This Sunday’s New York Times snuck a wonderful article into the Week in Review section — “Enron Offers an Unlikely Boost to Email Surveillance” addresses a Johns Hopkins University study of about a half million email messages sent within the organization. While the security and surveillance is the least interesting aspect as far as I’m concerned, two other angles do intrigue.
One, the image of how the email transmissions clustered. What leaders sent the most? The least? Separating executives into roughly three tiers, researchers could easily identify who the communication nodes were, and where notable changes in email behavior occurred. The knowledge mapping aspect is fascinating. I’d love to see Fast Company‘s staff represented thusly. Who works with whom? Who answers the most questions? Who askes the most?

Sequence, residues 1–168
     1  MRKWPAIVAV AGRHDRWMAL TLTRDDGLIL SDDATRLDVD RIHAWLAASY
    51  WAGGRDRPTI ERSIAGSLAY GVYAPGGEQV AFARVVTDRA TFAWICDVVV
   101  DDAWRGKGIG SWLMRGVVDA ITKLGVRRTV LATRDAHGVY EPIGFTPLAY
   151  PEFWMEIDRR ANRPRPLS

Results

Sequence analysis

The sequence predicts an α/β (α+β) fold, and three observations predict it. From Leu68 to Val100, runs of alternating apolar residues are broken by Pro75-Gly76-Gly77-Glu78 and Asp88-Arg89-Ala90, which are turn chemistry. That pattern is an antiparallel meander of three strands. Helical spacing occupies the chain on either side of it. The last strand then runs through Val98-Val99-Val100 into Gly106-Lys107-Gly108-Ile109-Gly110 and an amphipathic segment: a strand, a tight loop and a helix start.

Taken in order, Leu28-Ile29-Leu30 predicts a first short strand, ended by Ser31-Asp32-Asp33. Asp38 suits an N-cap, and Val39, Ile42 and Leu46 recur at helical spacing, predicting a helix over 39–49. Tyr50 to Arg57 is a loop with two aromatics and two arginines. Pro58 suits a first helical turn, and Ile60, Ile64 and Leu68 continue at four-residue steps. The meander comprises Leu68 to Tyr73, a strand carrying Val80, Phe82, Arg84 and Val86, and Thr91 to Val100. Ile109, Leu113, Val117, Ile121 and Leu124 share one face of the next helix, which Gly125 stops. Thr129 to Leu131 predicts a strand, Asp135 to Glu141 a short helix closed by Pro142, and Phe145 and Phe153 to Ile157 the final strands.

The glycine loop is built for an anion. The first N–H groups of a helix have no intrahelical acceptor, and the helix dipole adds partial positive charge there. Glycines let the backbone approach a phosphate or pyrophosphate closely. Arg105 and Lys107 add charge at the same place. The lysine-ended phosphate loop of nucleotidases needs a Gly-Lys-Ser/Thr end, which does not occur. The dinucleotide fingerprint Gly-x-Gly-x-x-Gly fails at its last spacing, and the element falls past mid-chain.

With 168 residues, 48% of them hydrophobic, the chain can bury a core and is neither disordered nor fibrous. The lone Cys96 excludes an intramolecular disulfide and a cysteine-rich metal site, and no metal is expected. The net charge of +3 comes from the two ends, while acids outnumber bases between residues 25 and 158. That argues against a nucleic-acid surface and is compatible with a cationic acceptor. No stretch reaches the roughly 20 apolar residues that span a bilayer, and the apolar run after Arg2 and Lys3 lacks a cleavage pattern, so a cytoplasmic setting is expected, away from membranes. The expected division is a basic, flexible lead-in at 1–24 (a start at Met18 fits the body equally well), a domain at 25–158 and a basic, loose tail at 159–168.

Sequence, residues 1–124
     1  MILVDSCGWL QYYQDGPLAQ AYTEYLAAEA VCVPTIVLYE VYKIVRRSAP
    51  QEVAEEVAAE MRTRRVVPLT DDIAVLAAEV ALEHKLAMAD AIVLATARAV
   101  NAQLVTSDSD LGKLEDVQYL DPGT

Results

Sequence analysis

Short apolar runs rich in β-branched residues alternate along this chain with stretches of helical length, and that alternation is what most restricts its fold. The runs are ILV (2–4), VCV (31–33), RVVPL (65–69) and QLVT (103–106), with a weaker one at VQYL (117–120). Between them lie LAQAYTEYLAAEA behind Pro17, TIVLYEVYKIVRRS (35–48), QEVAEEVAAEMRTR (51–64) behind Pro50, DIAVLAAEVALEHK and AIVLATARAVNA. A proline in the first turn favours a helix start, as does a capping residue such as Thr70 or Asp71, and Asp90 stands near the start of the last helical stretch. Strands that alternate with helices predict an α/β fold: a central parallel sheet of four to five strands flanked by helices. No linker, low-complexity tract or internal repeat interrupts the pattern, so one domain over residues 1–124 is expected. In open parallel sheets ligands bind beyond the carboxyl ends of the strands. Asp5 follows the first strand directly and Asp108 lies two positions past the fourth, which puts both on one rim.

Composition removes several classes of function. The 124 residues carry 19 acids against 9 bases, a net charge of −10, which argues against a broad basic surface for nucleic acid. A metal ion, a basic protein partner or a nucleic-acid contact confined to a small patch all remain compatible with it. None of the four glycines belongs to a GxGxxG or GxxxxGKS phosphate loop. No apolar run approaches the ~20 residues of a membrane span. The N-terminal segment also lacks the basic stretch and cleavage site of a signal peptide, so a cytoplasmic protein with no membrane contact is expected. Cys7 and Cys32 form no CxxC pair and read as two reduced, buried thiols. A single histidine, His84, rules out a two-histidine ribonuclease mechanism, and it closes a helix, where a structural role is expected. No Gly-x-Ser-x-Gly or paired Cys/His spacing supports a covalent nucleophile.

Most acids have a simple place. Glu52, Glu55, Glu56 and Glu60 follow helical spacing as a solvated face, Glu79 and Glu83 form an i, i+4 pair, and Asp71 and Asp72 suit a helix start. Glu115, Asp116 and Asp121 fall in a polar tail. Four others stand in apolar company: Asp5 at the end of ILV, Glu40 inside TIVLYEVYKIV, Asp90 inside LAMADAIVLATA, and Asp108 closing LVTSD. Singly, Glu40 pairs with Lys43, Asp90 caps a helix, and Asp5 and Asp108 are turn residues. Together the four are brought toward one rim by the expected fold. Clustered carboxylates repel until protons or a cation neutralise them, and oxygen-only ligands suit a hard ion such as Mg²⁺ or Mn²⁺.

That leads to the second angle of interest… the research team has yet to do a content study of the messages — what keywords are used the most, and how — but the implications of being able to analyze such data raises some fascinating questions. What challenges arise most often? How do people frame debate? How do the words we use reflect how we feel about our work?